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Japanse Yen Vulnerable as Anxious Markets Find Relief

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Japanse Yen Vulnerable as Anxious Markets Find Relief

Fundamental Forecast for the Japanese Yen: Neutral

  • Japanese Yen suffers first drop in a month as sentiment risks recede
  • BOJ forcefully pushing back against stimulus unwinding speculation
  • On-trend US data unlikely to sour risk appetite, leaving Yen at risk

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After a month of steady gains, the Yen began last week perched at the highest level since mid-2017. Investors were still digesting the confidently hawkish posture of new Fed Chair Jerome Powell when President Donald Trump suddenly announced an imminent hike steel and aluminum tariffs. Needless to say, it looked very much like the anti-risk Japanese unit might well continue marching upward.

In fact, prices reversed course sharply. The macro backdrop proved to be more inviting. The new US tariff regime seemed more benign than feared. It may still may still lead to retaliation and contagion, but on balance, it appears better than it might have. A mixed-bag offering in February’s US jobs data also helped, calming concerns about an imminent inflationary spike.

A glimmer of hope in the world’s relationship with North Korea was an unexpected bonus. Kim Jong Un is now apparently ready to denuclearize and will refrain from aggressive gestures like bomb and missile tests as dialogue begins. A meeting with Trump is even in the works. The domestic side helped too, with BOJ Governor Kuroda bludgeoning talk about any near-term unwinding of stimulus.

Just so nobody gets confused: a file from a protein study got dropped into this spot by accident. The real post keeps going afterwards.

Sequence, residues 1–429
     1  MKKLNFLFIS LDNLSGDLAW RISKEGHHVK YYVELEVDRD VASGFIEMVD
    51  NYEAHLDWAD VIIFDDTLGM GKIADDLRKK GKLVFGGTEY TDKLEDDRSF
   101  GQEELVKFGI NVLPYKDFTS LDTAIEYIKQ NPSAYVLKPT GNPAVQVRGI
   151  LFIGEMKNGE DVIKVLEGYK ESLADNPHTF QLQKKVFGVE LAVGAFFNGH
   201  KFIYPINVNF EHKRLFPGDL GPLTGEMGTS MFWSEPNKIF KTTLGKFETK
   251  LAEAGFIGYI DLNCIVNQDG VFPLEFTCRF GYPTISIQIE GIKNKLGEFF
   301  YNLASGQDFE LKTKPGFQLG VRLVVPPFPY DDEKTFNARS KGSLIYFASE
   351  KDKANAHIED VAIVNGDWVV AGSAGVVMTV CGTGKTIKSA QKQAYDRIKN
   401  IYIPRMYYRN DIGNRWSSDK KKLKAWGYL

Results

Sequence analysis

Big-picture developments will probably remain in focus in the week ahead, and once again, the spotlight is on the US. With the most immediate of the glaring political pitfalls seemingly behind them, the markets are likely to turn back to speculation about Fed policy. February’s CPI and retail sales figures are due. Improvements are expected on both counts.

Recent US news-flow suggests analysts’ models are reasonably well-calibrated for economic reality. That lowers the probability of a sharp, volatility-boosting deviation (though certainly doesn’t dispense with it altogether). On balance, that suggests the path of least resistance probably leads lower for the Yen. Absent retaliation to the US tariff hike or some new all-consuming angst, calmer waters look to be ahead.

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— Written by Ilya Spivak, Sr. Currency Strategist for DailyFX.com

To contact Ilya, use the comments section below or @IlyaSpivakon Twitter

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Forex

EURUSD Elliott Wave from February 2018 Concludes

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EURUSD Elliott Wave at high probability the bottom is in